Cheering into the void
It was a good idea to have Andrea Jenkyns, conqueror of Ed Balls in Morley and Outwood, as the warm-up act for George Osborne. The thought of the decline and fall of Balls produced one of the loudest cheers of the day. But the Manchester auditorium has a serious drawback: it is impossible to cheer someone to the echo, because there is no echo. The building, which is a former railway station, is too rigid yet insubstantial to reverberate. Applause soaks away into desolate voids hidden behind black curtains. This makes life less exhilarating for both speaker and audience.
Osborne gave a good speech. He reminded me of a schoolmaster who has decided to unbend a bit in front of the class, but is still insistent that everyone should do their homework. It gave him great pleasure to announce the recruitment of a new star pupil, Andrew Adonis. The lady next to me, who was from Fylde on the Lancashire coast, clapped Osborne with enthusiasm, and said: “He’s come on in leaps and bounds since he first came in. He was really not a personable chap.”
Animation was provided by the demonstrators outside the conference area, whose cries of rage were clearly audible inside the ConHome marquee. A member of the audience who was from rural Devon became annoyed by this. She urged that the conference be held “somewhere there isn’t any public transport, so the rabble outside can’t get to it”. But this column believes that being rude to men in suits is an ancient British liberty.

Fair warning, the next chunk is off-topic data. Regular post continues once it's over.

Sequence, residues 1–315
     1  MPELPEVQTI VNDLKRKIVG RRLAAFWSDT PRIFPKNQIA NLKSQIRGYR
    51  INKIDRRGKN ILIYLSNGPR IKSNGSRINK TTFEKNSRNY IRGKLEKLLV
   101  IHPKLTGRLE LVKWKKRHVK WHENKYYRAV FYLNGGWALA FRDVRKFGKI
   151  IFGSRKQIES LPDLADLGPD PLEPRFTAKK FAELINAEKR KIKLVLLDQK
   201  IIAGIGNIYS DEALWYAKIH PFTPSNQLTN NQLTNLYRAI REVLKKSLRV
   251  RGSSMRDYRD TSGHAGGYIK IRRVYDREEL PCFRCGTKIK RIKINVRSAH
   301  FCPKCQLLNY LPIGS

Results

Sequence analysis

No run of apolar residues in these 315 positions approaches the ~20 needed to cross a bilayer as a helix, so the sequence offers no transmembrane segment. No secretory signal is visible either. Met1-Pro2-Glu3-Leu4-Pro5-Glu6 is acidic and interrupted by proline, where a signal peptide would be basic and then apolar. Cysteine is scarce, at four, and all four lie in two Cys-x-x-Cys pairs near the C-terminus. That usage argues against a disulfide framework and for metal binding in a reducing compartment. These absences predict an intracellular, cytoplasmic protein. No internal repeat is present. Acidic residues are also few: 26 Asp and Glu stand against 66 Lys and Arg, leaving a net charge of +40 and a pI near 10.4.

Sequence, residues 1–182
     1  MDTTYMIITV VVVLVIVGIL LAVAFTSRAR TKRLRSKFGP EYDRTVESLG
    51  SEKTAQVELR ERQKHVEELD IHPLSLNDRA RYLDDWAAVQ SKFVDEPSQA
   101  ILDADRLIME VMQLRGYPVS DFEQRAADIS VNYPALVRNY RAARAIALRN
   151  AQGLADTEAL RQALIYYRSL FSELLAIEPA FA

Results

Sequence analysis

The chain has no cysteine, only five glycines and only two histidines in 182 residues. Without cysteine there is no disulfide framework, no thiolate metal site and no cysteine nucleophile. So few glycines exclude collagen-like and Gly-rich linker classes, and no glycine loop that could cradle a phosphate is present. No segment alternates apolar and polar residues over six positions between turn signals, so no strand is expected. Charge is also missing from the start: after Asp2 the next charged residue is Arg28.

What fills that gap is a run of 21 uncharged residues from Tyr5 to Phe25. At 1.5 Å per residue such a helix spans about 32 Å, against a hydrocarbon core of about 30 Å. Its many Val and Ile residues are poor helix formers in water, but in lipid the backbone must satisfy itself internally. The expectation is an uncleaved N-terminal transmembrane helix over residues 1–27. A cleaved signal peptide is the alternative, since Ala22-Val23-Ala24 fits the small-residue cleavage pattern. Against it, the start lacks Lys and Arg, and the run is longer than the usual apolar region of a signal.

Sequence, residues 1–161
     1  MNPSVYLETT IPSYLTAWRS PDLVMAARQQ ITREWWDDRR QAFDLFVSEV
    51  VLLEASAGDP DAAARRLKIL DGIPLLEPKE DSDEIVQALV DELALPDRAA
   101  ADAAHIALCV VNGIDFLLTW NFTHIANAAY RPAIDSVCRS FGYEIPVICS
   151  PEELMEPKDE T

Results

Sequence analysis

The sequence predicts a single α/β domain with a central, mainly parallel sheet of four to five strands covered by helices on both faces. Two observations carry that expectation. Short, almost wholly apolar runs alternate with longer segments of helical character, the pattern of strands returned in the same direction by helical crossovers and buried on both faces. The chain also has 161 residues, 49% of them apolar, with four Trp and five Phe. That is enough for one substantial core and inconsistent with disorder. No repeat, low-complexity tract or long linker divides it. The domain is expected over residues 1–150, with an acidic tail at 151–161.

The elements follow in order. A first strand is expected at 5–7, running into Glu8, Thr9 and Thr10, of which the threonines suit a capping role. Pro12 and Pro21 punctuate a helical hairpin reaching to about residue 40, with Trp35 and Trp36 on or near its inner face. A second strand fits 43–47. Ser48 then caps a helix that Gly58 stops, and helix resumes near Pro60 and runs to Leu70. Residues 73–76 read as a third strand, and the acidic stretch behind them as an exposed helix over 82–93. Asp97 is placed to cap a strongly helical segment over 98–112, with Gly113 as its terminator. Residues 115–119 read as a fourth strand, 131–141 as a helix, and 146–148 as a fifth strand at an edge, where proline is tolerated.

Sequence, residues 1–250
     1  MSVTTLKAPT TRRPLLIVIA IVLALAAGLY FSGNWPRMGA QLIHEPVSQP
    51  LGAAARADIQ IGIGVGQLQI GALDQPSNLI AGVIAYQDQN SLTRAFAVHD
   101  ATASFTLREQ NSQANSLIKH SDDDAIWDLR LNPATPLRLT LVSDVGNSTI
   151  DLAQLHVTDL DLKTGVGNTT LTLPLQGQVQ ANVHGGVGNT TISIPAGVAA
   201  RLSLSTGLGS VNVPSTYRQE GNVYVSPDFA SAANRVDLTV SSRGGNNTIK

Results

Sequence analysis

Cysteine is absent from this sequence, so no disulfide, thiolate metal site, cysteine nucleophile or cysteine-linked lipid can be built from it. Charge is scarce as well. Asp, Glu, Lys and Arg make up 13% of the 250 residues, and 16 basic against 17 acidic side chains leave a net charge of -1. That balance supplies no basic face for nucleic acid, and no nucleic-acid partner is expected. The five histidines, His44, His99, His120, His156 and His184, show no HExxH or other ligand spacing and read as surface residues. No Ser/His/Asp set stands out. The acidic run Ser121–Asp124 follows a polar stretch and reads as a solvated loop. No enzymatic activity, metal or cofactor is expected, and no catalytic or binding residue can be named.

Back to Black(pool)
Will we ever get back to Blackpool? The gale off the Irish Sea as one strides from the Winter Gardens to the Imperial Hotel refreshes the most jaded head. The trams are sublime. The cheap hotels cost a fraction of the price of a night in Manchester, so it is possible for members of quite modest means to enjoy a few days at the seaside. And it was in Blackpool that David Cameron won the leadership by giving the best speech. Let us go back there in whichever year he steps down.